New Research: Gut Bacteria's Role in Mental Health & Chronic Risks for Pacific Islanders

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An interdisciplinary team of researchers from the University of Hawaiʻi at Mānoa have discovered a potential link between intestinal bacteria and the disproportionately higher rates of certain chronic disease and mental health risks among Native Hawaiians and other Pacific Islanders (NHPIs). The new findings were published in a series of articles in Frontiers, the world’s third most-cited research publisher.

Researchers from UH Mānoa’s John A. Burns School of Medicine (JABSOM) and the University of Hawaiʻi Economic Research Organization (UHERO) in the College of Social Sciences have identified key differences in the numbers and types of intestinal bacteria strains in NHPIs that track with age, Type 2 diabetes status, body mass index, and self-esteem.

Using these profiles, they identified specific features that may partially regulate the biological processes that impact mental health and metabolic conditions that appear to be related to inflammation, and may help explain the higher incidences of depression and diabetes among NHPIs.

Examples of these findings include:

-A novel interaction between self-esteem and abundance of Veillonellaceae bacteria, where increased levels of this bacteria in the gut corresponded to a significant increase in self-esteem, with individuals with low self-esteem (a risk factor for depression) showing abnormally low levels of this bacteria.

-Shared dysbiosis of Bacteroidetes between diabetes and obesity, where its abundance was observed to decrease with poor glycemic control and increase with obesity.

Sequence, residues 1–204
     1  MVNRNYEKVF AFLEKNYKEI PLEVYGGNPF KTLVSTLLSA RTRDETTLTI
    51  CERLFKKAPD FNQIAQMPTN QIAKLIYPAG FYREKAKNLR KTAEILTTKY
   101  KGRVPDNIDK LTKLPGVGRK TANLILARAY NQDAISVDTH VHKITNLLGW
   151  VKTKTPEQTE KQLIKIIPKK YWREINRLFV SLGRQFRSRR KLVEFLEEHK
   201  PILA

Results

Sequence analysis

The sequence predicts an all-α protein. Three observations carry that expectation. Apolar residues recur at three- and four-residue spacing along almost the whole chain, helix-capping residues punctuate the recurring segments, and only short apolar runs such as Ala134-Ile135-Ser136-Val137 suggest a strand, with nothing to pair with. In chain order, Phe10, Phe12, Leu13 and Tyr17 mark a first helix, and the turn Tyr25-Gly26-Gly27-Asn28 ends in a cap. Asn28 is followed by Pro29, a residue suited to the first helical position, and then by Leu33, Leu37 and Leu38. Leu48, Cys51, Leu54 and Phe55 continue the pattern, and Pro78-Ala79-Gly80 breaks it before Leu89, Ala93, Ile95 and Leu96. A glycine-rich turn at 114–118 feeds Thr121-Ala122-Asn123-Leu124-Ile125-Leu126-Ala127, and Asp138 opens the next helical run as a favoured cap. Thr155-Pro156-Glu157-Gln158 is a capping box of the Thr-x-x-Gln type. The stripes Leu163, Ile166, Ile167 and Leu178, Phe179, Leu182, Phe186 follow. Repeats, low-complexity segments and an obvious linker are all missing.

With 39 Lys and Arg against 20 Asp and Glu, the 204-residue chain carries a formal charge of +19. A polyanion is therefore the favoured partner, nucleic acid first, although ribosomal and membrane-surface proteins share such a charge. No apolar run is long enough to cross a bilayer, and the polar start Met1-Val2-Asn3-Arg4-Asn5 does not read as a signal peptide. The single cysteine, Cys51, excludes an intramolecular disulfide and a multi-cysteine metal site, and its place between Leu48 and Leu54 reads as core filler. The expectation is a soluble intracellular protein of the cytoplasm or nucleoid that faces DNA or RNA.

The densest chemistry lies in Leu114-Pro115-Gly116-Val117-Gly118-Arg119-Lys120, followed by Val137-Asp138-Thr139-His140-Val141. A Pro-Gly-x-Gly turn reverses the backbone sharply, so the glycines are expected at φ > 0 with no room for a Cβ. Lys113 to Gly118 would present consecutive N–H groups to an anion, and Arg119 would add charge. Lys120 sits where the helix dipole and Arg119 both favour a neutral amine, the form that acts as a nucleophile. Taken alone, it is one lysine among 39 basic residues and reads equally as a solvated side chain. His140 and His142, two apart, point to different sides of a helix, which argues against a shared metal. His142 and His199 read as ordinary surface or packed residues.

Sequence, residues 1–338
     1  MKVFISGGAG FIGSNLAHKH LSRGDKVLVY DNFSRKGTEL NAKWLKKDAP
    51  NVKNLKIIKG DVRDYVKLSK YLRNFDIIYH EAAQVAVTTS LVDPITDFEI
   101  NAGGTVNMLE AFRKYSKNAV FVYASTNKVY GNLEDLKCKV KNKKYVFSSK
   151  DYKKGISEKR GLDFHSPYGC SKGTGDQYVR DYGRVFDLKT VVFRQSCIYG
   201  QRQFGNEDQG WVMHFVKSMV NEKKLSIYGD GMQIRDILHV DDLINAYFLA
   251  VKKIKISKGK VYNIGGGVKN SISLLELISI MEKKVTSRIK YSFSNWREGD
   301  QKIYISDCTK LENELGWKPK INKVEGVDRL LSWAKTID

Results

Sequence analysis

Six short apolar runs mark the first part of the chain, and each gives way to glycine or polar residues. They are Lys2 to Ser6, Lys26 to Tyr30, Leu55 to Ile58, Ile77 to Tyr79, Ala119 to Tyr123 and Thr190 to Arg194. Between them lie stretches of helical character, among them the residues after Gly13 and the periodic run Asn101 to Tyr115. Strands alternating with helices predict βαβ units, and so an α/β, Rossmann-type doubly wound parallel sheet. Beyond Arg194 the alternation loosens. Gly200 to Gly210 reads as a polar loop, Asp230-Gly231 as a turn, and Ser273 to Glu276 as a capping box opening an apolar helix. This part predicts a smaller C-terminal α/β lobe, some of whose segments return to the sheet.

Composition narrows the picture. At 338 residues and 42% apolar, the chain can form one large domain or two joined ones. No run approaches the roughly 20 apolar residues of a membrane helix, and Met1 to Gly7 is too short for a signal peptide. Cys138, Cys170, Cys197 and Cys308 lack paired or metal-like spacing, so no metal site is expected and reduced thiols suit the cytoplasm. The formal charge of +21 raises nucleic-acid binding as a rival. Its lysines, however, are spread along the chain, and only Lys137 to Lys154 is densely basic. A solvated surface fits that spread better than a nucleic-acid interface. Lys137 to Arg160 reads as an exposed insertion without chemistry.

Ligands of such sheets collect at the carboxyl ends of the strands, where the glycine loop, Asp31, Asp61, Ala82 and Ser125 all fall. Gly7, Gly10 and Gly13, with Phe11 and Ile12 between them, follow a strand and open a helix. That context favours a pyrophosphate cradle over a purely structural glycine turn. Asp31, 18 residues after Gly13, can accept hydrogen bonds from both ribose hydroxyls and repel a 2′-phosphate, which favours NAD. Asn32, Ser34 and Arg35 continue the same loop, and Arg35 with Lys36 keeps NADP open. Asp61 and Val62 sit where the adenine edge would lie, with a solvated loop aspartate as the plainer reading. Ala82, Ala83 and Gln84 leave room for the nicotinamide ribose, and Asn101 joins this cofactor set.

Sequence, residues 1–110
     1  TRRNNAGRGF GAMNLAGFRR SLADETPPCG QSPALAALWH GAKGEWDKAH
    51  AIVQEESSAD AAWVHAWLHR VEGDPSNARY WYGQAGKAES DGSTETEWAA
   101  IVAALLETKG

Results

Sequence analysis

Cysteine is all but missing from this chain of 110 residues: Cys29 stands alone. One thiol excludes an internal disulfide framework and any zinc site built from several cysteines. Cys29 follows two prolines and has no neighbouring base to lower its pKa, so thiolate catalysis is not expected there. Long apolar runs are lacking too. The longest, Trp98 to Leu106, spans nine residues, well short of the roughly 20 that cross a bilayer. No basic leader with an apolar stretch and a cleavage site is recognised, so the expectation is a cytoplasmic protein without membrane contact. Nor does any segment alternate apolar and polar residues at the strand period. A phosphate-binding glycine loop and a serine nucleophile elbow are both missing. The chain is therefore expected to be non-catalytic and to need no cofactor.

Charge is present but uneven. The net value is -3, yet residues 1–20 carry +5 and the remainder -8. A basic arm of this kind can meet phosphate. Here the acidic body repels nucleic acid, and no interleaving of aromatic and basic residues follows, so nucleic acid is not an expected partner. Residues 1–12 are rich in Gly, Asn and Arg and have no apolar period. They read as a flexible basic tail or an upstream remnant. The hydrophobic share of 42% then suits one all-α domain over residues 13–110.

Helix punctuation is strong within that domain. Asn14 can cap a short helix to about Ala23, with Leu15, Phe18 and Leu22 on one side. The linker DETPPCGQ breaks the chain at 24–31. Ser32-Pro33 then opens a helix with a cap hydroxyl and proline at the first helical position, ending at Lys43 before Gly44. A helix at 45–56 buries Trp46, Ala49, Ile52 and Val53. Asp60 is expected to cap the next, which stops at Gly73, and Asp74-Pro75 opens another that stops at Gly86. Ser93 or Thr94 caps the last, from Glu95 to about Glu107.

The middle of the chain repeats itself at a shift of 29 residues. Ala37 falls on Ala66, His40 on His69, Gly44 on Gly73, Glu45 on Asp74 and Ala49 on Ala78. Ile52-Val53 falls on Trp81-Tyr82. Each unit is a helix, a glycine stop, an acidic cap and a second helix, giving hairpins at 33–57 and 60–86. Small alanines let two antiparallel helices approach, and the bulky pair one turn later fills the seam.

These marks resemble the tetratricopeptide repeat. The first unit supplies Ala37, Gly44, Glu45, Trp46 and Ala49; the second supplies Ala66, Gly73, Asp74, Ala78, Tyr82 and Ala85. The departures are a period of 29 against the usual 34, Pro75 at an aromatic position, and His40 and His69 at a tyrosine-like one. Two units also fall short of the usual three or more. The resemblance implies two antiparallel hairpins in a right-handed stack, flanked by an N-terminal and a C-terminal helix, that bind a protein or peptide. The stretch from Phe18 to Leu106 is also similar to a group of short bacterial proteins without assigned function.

-A significant and specific deficiency in the levels of butyrate-producing bacteria in the gut of pre- and diabetic participants, that corresponded to increased systemic inflammation.

-A novel significant association between the levels of Cyanobacteria (which produces toxins and implicated in cancer risk in Hawaiʻi) and poor glycemic control, with overabundance of this bacteria in the gut of diabetic participants.

-A significantly higher gut microbial diversity in obese and diabetic individuals of NHPI ancestry. This contrasts with the relationship observed between obesity and diabetes in other ethnic/race groups previously reported in other studies.

The results indicate that biological findings from other ethnic/race groups may not necessarily be generalizable to the NHPI population and highlight the importance of increasing representation of NHPIs in social and biomedical research studies.

“Your gut microbiome is affected by what you eat and your environment, and for the first time, we have uncovered differences in Native Hawaiian and Pacific Islanders that contrast with findings from other populations. This may better explain higher rates of chronic health conditions such as diabetes among NHPIs that cannot be explained by social environmental factors alone,” said report co-author Alika Maunakea, associate professor at the Department of Anatomy, Biochemistry and Physiology at JABSOM.